t's often said that sequels seldom live up to the originals that spawned them.
Of course, there are exceptions to every rule. Only time - perhaps more importantly, some very picky, eclectic fans - will tell whether David Grisman, Peter Rowan and Vassar Clements made the right move by daring to record Old & in the Gray, a follow-up to the seminal 1975 bluegrass-folk classic "Old & in the Way."
That album featured a banjo-picking, high-lonesome crooning Jerry Garcia, who had forged a fanatical following as the leader of the Grateful Dead.
Old & in the Way, like most anything Garcia touched, turned legions of Deadheads in a new musical direction. Naturally, Garcia, Grisman and Rowan didn't set out to record what in a short period of time became one of bluegrass music's most influential records.
Yet, within several months of its 1975 release, the album, which had been pared down from two nights of live recordings at the Boarding House in San Francisco into a single 10-song disc, hit the pop charts and sent thousands of Deadheads rifling through record bins searching for the music of Bill Monroe and Ralph and Carter Stanley.
In the same sense, this year's Old & in the Gray doesn't pretend to be a groundbreaking record. Grisman, Rowan and Clements recruited veteran banjo picker and vocalist Herb Pedersen to replace Garcia, who died in August 1995. They also needed a new bassist, since John Kahn died 10 months after Garcia. The choice was Bryn Bright, who along with brother Billy Bright, plays alongside both Rowan and Tony Rice. For the record, she isn't gray or necessarily old, but she does thump a fine stand-up bass.
Old & in the Gray's 14 tracks offer a rather free-spirited collection of tunes - several penned by Rowan, a fiddle tune from Clements and, like the original, a selection from the Rolling Stones.
While it may lack the spontaneity of Old & in the Way, Grisman, Rowan et al go to great lengths to retain the musical and vocal qualities that made the original album so endearing.
As much as Kahn was a part of Old & in the Way, it was Garcia's contribution that created the legacy. And Rowan acknowledges the contribution.
"Jerry was a one-man universe," says Rowan while he was on the road, headed for a gig with Grisman, Clements, Bright and Rice in north Florida.
"Jerry allowed us to be part of his universe. We all had a love for music and for each other. But ultimately, we each had to consider our own musical growth. The Dead was the band that owned our banjo player. Jerry just grew faster and sooner than everybody else."
Rowan became familiar with Pedersen's music in the late 1960s through Grisman, who'd picked in various ensembles in the Bay Area with Pedersen several years earlier. But it wasn't until the mid-'90s that Pedersen and Rowan finally performed on stage together during the earliest stages of Old & in the Gray. He was pleased Pedersen took the challenge of filling Garcia's rather large shoes along with a musical legacy few have attained.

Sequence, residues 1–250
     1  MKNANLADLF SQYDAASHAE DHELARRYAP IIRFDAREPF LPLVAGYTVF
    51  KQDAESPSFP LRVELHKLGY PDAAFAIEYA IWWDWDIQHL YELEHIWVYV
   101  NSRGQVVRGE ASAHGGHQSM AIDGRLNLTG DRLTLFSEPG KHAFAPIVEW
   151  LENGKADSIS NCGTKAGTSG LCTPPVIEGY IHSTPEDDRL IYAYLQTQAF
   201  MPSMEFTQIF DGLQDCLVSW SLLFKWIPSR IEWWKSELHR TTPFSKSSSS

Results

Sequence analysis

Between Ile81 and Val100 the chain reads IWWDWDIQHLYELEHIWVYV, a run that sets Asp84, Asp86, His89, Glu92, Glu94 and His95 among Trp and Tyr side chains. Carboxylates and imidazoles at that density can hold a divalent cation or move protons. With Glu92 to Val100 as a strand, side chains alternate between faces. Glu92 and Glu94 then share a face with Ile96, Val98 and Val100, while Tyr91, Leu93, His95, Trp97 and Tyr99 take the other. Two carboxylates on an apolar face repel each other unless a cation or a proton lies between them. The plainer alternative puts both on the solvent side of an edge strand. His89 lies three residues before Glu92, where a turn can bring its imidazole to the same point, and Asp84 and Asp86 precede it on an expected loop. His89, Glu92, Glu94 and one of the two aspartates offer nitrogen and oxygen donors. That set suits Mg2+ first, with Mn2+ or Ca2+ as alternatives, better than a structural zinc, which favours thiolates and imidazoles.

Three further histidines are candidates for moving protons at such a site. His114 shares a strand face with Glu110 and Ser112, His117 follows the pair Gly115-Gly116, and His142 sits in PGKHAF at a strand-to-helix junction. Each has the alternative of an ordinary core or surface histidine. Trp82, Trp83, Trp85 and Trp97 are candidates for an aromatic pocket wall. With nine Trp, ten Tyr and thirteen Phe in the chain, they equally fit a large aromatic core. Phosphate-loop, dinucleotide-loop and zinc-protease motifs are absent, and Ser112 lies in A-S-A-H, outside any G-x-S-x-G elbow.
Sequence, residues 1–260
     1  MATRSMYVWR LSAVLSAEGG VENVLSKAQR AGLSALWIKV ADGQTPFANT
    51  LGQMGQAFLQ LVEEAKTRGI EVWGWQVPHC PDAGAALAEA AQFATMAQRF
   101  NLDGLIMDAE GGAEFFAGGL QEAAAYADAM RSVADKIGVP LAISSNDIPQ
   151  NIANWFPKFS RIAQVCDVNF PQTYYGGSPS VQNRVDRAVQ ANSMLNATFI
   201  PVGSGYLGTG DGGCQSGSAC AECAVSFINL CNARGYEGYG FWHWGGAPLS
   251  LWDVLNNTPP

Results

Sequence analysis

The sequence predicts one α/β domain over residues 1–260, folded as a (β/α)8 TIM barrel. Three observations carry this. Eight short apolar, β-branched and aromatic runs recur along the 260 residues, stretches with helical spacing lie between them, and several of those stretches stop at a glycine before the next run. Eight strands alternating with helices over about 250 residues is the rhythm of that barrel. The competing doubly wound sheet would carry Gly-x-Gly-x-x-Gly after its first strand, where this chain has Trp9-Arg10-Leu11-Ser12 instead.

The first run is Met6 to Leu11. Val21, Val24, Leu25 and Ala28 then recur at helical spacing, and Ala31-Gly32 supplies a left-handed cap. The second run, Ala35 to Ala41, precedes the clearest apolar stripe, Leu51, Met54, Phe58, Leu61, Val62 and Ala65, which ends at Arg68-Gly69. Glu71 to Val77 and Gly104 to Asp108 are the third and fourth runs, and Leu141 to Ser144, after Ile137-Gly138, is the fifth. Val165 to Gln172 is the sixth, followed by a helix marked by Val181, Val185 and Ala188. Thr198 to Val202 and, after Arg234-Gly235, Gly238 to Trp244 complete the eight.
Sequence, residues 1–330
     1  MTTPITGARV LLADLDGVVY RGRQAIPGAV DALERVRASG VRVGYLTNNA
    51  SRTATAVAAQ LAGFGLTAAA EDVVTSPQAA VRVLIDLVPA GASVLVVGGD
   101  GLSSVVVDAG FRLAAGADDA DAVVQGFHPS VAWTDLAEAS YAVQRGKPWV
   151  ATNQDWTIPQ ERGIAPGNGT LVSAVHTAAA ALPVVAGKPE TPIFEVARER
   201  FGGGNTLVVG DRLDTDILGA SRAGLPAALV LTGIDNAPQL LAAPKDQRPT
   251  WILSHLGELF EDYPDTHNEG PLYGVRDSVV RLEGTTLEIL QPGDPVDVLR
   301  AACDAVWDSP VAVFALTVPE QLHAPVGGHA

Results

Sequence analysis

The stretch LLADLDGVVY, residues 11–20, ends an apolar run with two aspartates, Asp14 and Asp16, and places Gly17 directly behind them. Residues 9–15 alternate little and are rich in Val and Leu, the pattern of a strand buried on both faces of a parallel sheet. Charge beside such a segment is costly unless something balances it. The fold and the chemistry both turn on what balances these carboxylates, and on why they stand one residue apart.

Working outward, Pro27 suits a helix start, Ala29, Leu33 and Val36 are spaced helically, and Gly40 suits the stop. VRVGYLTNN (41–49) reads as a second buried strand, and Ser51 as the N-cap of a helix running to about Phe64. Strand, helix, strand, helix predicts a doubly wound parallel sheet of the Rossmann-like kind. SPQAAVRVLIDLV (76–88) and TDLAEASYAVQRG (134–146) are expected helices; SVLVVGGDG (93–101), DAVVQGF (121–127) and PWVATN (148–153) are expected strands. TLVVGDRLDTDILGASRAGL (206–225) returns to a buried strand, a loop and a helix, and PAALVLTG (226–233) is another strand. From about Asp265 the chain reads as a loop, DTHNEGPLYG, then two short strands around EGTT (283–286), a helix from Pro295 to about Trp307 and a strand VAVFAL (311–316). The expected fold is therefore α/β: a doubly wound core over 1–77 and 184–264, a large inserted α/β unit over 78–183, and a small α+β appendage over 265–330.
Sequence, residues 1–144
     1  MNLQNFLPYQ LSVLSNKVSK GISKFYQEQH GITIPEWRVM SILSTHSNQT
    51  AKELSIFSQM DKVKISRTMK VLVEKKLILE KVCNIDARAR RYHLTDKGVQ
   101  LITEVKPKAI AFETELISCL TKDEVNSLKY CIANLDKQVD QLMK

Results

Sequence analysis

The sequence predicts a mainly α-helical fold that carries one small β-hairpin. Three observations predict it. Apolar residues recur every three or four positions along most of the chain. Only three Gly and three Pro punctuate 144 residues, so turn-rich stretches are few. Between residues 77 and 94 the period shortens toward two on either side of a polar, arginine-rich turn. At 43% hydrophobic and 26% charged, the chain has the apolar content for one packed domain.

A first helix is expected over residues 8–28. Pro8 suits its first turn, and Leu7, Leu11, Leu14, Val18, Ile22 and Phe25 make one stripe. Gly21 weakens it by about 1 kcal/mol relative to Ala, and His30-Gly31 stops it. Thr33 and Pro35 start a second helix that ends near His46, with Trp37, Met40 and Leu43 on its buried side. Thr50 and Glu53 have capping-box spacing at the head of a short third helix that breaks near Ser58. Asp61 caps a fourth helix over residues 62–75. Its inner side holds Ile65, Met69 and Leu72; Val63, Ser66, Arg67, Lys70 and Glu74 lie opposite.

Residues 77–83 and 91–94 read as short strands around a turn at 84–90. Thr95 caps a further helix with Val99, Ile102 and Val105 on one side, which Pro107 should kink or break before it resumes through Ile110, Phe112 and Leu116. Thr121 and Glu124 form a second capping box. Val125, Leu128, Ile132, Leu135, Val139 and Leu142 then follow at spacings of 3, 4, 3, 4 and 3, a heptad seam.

"Herb was part of Dave's early bands in the '60s," Rowan says. "Our first gig together was in 1996 at one of Dave's Birthday Bashes. Jerry had just died, and Dave had wanted to put out more of the Old & in the Way tapes. We wanted to memorialize Jerry, but we also wanted to carry on Old & in the Way.
"Dave suggested Herb. He's a brilliant singer. He hit the tenor parts, and his banjo playing was so..." Rowan pauses to find the words, "right in there. He has timing like Earl Scruggs. To be part of Old & in the Way, you have to have roots. What gives Old & in the Gray its pedigree is who we stood next to."
Pedersen likewise admires Rowan's talents.
"Dave and Pete go way back to (Bill Monroe's) Blue Grass Boys," says Pedersen during a phone interview from his home in Los Angeles' San Fernando Valley. "Pete's the consummate Irish tenor. He has a wonderful voice, but he's not just stuck in bluegrass. And Dave has his jazz talents."
After Old & in the Way fell apart, Grisman's quintet began its lengthy run of Dawg music - the name Garcia gave him in Old & in the Way - which over the years included the likes of Mark O'Connor, Tony Rice, Mike Marshall, Darol Anger, Richard Greene, Todd Phillips, Russ Barenberg, John Carlini and Rob Wasserman
After Garcia died, Pedersen got a call from Grisman to gauge his interest in Old & in the Gray.
"I was a logical choice," he says, "since Jerry and I came from the same background both musically and geographically."
Pedersen and Garcia ran in ' the same musical circles in the early '60s, though Pedersen was from Berkeley, and Garcia had grown up across the San Francisco Bay in Palo Alto. Grisman ultimately joined that same circle after moving to Berkeley in the early 1960s.
"I met first Dave when I was in the Pine Valley Boys in Berkeley," says Pedersen, who joined Grisman's Smokey Grass Boys and went on to be a key member of Southern California's early country rock scene, playing on two of The Dillards' most influential albums - "Wheatstraw Suite" and "Copperfields." "We started our friendship back then, and we've been in touch all those years."